I will be starting as an assistant professor of Biochemistry and Molecular biology at Baylor College of Medicine in summer 2021. The Fazal lab will be part of the Therapeutic Innovation Center, and will be generously supported by a Cancer Prevention and Research Institute of Texas award. The lab will develop and apply approaches to study the dynamic organization of RNAs within cells.
I am currently a postdoctoral fellow at Stanford University. I have been in Howard Chang?s lab since 2015, where I have been developing and using genomic tools to illuminate RNA biology (Cell 2019; NSMB 2019). My research focuses on investigating the impact of RNA structure and RNA subcellular localization on gene regulation. My postdoctoral work is supported by an NIH K99/R00 Pathway to Independence Award, an Arnold O. Beckman Postdoctoral Fellowship, and an NIH T32 Training Grant.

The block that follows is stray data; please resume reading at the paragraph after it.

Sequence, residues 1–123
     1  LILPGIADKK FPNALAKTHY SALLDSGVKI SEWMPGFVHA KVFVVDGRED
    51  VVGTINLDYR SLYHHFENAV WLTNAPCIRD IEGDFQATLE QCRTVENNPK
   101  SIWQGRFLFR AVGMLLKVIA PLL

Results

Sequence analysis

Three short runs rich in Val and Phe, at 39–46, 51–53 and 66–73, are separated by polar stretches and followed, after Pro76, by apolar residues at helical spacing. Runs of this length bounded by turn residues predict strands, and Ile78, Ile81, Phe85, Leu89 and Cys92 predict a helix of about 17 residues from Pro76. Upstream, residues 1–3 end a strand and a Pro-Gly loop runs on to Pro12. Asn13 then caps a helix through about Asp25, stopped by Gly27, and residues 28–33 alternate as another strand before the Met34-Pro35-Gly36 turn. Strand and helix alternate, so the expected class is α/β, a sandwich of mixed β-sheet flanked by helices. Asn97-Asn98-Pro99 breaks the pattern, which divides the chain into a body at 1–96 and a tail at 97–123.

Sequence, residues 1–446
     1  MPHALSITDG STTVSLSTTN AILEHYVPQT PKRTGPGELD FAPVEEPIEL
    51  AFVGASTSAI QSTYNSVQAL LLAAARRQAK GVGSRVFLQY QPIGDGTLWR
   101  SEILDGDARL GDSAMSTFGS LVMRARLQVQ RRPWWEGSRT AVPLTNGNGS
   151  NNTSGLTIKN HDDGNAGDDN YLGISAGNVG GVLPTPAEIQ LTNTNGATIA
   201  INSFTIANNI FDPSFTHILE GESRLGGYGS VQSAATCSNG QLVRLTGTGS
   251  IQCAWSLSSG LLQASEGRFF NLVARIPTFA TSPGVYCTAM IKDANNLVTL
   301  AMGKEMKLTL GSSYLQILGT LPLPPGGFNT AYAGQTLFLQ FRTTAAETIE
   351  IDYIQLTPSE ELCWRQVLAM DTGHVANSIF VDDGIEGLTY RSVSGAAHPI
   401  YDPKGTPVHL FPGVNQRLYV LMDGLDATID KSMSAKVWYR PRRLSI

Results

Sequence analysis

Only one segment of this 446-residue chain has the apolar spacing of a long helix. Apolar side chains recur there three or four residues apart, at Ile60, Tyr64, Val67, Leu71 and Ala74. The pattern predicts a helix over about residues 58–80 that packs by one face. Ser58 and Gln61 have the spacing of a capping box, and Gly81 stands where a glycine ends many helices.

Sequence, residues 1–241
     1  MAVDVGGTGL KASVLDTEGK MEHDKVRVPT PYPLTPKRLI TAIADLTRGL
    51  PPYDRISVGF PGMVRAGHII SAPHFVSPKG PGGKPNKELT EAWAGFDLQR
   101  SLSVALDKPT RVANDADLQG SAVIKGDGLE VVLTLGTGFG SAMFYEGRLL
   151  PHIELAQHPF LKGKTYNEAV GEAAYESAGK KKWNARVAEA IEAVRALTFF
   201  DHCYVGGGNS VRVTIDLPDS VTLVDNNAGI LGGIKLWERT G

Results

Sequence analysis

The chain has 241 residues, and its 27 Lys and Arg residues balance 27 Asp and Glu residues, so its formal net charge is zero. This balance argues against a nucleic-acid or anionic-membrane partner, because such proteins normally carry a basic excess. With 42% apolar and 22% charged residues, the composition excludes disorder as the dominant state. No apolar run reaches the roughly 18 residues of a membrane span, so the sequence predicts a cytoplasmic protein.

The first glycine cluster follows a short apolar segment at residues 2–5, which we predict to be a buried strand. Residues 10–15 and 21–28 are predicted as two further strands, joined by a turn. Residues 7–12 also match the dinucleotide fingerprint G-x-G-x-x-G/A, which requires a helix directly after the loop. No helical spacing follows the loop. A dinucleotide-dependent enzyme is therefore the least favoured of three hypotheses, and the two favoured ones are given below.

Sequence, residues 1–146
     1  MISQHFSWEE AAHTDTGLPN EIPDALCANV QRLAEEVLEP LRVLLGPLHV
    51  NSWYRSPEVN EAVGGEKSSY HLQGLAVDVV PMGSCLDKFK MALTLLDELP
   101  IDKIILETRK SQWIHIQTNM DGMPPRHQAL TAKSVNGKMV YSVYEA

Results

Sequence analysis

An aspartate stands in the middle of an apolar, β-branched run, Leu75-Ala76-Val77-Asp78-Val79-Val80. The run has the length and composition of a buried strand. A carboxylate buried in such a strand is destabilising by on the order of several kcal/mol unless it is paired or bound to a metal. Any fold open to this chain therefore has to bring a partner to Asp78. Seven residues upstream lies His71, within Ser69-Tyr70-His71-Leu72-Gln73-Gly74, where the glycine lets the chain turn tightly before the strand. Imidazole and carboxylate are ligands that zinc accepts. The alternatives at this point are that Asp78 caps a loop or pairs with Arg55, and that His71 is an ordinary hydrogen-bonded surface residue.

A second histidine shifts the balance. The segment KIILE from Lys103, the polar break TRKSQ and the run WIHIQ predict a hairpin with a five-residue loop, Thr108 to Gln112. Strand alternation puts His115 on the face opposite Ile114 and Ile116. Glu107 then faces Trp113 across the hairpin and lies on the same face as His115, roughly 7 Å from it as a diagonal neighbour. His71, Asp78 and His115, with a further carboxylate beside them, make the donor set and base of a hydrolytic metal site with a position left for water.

I got my PhD in Applied Physics from Stanford in the lab of Steven Block, where I utilized single-molecule techniques to study eukaryotic and prokaryotic transcription (Nature 2015; Nature Comms. 2017; PNAS 2015; JMB 2012; Nature Photonics 2011). My graduate work was supported by an NSF Graduate Research Fellowship.
I graduated summa cum laude from Amherst College, with majors in physics, chemistry, and biology. My undergraduate thesis work was in the field of organic synthesis, with research experiences in optics (Optics Letters, 2007), astrophysics (ApJL, 2008) and chemical self-assembly (BMCL, 2007).
Doctor of Philosophy, Stanford University, Applied Physics (2015)
Master of Science, Stanford University, Applied Physics (2010)
Bachelor of Arts, Amherst College, Physics, Chemistry, Biology (2008)
Howard Chang, Postdoctoral Faculty Sponsor